The likelihood that your little one will need cord blood from another donor is also variable. That's because many diseases, such as certain types of cancer, are caused by unknown factors, so it's difficult to predict the probability that a stem-cell transplant would be a successful remedy or cure for those illnesses. There is early evidence, however, that cord blood stem cell transplants from related (vs. unrelated) donors may provide better clinical outcomes for patients.
The science is still quite evolving. The American Academy of Pediatrics (AAP) says there are no accurate estimates of the likelihood that children will need their own stored cord blood cells, adding that it could range from 1 in 1,000 to 1 in 200,000. The American College of Obstetricians and Gynecologists (ACOG) agrees, characterizing the chances as remote. ACOG recommends that physicians give balanced information to their pregnant patients, presenting both the advantages and disadvantages of public donation and private cord blood storage.
What problems can occur during cord blood collection?
Sometimes, not enough cord blood can be collected. This problem can occur if the baby is preterm or if it is decided to delay clamping of the umbilical cord. It also can happen for no apparent reason. If an emergency occurs during delivery, priority is given to caring for you and your baby over collecting cord blood.
What happens if my baby's cord blood is not viable?
There are cases where after a baby's cord blood is received at the lab, it is determined that the cord blood is not viable. Reasons can include not enough cord blood is collected, something happened during transit, etc. If this happens, we will contact you and provide you options which can include a refund.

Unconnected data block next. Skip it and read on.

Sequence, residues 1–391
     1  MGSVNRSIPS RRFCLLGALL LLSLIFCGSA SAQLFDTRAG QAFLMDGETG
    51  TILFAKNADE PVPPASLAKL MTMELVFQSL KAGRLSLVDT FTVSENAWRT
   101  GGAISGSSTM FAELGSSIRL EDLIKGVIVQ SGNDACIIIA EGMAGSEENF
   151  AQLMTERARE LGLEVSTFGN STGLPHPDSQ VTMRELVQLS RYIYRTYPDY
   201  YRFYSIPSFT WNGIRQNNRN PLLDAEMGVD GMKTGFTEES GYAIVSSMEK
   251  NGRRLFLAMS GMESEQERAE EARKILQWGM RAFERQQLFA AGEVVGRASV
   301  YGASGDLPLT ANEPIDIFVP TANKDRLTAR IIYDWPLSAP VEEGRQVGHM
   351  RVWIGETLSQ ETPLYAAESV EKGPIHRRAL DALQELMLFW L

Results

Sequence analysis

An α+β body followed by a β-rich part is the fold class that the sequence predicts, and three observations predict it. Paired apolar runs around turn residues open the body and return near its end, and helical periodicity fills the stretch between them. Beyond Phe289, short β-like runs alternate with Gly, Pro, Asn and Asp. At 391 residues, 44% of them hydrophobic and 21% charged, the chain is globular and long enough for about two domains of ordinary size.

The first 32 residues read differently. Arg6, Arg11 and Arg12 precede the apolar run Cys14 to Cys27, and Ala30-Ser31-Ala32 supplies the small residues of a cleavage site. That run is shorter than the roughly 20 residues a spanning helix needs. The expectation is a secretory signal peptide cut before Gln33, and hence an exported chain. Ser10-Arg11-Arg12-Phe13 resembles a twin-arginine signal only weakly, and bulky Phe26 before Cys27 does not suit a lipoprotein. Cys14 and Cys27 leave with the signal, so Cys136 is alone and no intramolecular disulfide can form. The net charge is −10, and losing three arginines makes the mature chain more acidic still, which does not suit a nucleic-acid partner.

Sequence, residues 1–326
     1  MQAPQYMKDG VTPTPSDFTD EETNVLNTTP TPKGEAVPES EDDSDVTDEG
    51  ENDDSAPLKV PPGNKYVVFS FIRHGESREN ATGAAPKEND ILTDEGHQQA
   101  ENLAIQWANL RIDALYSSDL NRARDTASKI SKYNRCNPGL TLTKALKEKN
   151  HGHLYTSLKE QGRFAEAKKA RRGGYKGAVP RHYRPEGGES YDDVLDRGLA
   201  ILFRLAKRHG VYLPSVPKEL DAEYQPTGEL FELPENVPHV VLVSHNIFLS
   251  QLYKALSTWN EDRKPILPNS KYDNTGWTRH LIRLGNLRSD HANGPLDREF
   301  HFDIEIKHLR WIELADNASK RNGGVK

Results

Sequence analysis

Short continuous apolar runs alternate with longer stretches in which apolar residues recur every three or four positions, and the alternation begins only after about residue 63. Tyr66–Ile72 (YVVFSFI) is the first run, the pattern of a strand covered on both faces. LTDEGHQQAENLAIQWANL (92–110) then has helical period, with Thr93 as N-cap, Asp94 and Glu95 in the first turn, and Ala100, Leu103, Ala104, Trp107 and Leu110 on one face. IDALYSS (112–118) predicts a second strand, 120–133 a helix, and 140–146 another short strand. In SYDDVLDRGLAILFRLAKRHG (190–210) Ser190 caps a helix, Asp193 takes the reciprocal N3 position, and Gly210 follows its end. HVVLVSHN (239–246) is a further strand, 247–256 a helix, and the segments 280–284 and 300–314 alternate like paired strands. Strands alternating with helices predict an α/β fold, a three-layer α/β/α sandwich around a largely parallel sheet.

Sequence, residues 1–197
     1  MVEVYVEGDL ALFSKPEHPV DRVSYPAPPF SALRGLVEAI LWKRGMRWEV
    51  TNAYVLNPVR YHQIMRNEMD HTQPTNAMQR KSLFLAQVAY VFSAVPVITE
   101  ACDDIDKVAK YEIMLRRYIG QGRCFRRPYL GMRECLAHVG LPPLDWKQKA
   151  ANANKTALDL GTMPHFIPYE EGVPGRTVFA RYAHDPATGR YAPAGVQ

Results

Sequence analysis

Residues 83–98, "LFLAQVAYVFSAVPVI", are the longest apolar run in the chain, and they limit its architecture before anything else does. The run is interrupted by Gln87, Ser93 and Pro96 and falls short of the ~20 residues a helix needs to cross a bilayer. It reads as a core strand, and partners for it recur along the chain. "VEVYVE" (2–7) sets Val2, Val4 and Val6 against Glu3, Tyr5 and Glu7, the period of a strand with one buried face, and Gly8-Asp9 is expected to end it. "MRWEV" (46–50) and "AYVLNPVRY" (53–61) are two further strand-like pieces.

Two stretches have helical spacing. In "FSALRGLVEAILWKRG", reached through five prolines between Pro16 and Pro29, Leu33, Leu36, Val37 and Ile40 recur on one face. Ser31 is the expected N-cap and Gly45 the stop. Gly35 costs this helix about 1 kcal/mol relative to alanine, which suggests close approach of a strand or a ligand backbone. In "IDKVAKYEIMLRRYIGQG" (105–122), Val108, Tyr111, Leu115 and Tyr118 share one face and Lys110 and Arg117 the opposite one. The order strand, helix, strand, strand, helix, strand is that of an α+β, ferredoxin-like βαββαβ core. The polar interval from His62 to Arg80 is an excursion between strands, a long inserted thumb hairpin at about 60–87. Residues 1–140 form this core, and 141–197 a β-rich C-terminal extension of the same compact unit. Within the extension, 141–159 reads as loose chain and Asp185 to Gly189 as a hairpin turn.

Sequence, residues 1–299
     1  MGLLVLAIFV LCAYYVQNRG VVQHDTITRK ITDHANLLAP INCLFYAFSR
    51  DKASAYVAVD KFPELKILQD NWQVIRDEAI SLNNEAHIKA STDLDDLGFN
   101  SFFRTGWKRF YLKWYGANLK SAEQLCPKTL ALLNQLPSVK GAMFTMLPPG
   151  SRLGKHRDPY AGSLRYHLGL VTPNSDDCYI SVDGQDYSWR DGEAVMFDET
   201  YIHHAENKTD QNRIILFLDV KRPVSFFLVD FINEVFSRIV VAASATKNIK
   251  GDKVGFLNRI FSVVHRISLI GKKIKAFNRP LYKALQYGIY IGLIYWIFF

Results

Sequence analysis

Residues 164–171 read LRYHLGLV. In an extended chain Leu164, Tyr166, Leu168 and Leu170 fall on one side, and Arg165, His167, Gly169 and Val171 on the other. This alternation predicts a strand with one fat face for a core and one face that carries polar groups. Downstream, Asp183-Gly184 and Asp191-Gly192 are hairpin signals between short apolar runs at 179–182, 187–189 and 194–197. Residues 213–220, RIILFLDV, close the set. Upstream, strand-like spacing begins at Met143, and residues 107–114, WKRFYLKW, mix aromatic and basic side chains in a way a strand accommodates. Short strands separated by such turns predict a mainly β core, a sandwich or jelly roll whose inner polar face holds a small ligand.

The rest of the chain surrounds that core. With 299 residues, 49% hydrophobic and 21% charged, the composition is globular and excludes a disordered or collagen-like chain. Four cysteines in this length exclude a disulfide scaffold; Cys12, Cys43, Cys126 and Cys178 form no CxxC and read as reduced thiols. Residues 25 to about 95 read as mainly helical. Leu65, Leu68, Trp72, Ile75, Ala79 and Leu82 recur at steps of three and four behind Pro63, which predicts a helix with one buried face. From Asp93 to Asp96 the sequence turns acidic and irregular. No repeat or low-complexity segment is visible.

Should I save cord blood for all my children?
Yes. Saving cord blood for each child gives your family more options because Each child has access to his or her own genetically unique cells. Your baby may use the stem cells for a number of diseases, however, not generally for inherited genetic conditions. In those cases, a matched sibling’s stem cells would be the first choice. For experimental regenerative medicine therapies that use cord blood, the child’s own stem cells are currently required. There is increased likelihood that a family member in need will have access to a related source of cord blood for treatment.
Expecting identical twins? It is still important to save cord blood for each child as it is extremely difficult to determine if twins are indeed identical. Each child’s cord blood is banked separately.
Who can use my baby's stem cells?
A baby will always be a 100% genetic match to his/her own cord blood stem cells and immediate family members may also be a match. A newborn's stem cells have up to a 75% chance of being at least a partial genetic match to a sibling. Parents are always a partial match for their baby’s newborn stem cells. The farther you move away from the immediate family, the less compatible the child’s cord blood. Blood-related aunts and uncles and grandparents may have some compatibility, but it may be insufficient for transplantations